Santa Clara Magazine is published in print for alumni and friends of the University. It is updated weekly on the web.
Edward "Skeeter" Scanlan ‘68 on Jan. 31, 2010 after a 5-year battle with cancer. Edward was brought into this world on July 27, 1946 to Richard "Dick" and Katherine "Kay" (Perusina) Scanlan. His family history is one that is deeply rooted in the Santa Clara Valley dating back to the 1870s. With his father a descendant of Irish immigrants and his mother of Croatian, many old world values were instilled in him from the beginning. He spent a great deal of time while growing up on the family’s ranch in Cupertino that grew apricots, prunes, and cherries. From childhood, his family and friends knew Edward affectionately as "Skeeter." It was evident, at an early age, the love Ed had for building things and working with tools. He was always thinking "outside the box" and coming up with something new. He loved to work on cars with his father and anything mechanical always piqued his interest. As young as the age of 12, Edward made from scratch a walking, talking robot out of household scraps. That landed him an appearance on the Captain Satellite Show which was popular for children in the 1950s. He attended Blackford High School, Santa Clara University, and then upon graduating received his master’s from the University of the Redlands. His creativeness was never ending, enough so that he was offered a job on the Imagination Team that was spearheaded by none other than Walt Disney. As he got older his love for anything mechanical grew. In his teens and into his early 20s he built award-winning slot cars and models, of which two won the Grand National Roadster show in Oakland for his category. With his father being a charter member, Ed was also a member of the West Coast Chapter of the Crosley Club as one of his pastimes was to collect and restore these cars. Eventually Ed found his passion in model trains. From the H.O. Scale to the narrow gauge, live steam that he was hoping to finish that encircles his house. He is known by many as "The man with tracks in his driveway." His love for everything mechanical followed Ed into his work place for many years to follow. He worked at Chemelex on heat tracing for nuclear power plants. In the late 1970s and into the mid-1980s, he worked for the go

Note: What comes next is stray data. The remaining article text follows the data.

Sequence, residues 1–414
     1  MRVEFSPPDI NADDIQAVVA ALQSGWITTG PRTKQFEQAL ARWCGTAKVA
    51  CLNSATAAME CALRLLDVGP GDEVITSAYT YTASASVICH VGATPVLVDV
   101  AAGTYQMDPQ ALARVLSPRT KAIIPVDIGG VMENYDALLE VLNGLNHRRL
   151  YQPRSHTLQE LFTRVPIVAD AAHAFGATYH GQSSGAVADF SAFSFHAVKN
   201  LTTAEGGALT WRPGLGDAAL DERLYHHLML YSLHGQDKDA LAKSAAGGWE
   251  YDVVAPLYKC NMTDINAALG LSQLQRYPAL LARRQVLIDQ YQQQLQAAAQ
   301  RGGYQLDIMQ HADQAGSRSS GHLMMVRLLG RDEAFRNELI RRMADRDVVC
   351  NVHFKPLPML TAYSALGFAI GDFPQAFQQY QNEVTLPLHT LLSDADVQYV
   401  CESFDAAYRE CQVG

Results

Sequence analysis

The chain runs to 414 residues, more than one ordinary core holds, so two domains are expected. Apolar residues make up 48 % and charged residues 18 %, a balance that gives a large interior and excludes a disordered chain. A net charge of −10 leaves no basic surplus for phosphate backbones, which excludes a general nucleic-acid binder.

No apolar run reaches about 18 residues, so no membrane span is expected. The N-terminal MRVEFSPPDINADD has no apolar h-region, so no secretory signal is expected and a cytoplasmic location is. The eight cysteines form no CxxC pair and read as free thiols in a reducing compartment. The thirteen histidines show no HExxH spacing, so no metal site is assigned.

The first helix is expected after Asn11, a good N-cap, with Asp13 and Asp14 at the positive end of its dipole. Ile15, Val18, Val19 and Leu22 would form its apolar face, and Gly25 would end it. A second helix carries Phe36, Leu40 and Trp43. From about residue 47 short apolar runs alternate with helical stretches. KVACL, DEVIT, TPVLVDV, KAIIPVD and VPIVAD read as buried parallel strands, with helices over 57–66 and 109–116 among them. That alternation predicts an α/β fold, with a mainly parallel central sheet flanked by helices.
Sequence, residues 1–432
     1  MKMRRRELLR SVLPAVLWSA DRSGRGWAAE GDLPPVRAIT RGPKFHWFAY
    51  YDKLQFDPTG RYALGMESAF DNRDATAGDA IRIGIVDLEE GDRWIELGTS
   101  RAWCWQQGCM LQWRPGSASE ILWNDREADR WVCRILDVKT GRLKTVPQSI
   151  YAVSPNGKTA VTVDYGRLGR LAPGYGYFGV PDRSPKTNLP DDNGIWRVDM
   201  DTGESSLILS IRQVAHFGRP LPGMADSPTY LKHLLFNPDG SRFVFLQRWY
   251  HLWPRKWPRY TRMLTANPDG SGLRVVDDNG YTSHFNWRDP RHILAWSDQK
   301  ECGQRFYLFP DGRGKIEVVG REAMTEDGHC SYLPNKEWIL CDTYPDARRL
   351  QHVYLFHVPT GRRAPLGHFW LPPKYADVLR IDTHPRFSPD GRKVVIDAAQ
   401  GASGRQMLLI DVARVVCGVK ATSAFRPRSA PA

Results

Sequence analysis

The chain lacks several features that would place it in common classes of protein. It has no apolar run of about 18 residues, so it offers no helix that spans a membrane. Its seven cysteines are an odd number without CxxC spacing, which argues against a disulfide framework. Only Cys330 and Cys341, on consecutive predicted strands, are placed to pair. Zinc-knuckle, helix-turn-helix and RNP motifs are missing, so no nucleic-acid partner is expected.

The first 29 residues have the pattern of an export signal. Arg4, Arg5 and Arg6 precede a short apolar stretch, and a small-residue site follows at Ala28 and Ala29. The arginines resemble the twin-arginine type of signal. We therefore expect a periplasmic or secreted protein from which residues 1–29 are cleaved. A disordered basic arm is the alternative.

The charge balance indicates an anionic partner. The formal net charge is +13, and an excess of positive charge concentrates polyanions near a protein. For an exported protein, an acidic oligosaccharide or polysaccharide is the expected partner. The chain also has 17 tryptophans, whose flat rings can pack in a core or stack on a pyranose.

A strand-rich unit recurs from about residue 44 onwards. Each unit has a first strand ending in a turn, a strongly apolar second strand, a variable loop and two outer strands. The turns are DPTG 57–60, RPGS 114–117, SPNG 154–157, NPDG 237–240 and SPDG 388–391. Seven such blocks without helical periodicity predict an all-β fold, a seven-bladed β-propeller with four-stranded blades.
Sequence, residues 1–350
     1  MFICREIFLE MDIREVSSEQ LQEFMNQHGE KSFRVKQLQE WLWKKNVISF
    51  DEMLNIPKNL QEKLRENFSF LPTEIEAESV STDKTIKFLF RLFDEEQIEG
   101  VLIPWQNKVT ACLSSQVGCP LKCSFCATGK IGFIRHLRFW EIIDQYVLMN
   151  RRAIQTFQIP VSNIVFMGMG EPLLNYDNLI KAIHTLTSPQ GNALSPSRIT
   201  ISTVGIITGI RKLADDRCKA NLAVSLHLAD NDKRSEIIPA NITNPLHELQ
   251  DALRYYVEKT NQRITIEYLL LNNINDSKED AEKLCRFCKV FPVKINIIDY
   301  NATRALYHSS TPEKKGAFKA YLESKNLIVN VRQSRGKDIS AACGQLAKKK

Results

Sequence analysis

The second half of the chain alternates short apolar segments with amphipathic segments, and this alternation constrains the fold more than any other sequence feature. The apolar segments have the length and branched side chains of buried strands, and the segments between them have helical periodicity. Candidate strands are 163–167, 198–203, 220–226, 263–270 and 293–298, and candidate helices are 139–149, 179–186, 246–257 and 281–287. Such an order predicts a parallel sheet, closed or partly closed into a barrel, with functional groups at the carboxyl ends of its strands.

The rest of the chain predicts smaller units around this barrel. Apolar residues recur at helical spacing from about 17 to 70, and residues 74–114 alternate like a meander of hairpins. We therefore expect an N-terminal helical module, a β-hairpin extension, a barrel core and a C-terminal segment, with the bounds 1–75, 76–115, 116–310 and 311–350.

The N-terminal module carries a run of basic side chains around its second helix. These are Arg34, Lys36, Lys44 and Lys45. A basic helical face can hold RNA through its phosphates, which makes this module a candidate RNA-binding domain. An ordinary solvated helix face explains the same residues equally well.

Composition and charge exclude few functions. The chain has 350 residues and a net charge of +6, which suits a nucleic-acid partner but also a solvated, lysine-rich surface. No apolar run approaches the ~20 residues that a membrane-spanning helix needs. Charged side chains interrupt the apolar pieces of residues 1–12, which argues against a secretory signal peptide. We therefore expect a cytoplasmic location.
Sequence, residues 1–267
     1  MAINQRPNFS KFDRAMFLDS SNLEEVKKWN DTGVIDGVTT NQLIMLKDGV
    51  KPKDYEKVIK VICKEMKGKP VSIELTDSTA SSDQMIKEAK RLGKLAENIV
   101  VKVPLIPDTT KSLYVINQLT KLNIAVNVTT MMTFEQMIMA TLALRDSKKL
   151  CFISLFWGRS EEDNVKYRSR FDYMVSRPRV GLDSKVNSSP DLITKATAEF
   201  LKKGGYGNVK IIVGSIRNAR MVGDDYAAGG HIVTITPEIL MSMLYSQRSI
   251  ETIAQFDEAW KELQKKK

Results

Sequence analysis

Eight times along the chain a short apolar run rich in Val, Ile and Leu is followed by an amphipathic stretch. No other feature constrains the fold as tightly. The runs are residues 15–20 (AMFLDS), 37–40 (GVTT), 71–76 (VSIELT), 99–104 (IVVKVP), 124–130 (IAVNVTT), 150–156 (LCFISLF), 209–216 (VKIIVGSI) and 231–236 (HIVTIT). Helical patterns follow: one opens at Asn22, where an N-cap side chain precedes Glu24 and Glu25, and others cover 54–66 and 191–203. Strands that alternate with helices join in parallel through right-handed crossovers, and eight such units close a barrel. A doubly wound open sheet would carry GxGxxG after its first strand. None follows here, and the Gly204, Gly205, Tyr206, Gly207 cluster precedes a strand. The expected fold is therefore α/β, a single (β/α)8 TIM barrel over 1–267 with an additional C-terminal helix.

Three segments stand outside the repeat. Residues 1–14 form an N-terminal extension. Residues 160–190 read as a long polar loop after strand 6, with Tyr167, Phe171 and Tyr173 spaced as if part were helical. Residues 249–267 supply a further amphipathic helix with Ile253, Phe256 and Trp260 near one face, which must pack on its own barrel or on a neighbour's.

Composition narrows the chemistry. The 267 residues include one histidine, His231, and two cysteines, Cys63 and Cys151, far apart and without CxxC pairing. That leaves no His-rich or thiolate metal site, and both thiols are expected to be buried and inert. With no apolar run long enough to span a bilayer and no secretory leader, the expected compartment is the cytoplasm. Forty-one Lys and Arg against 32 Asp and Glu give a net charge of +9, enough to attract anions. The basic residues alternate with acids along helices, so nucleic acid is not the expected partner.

vernment at Quantic Industries making parts for the space shuttles. He found his final workplace to be Lifescan in Milpitas of 22 years. Ed is survived by his wife Linda, sons Christopher, Patrick, and Daniel, and his sister Patty Massa.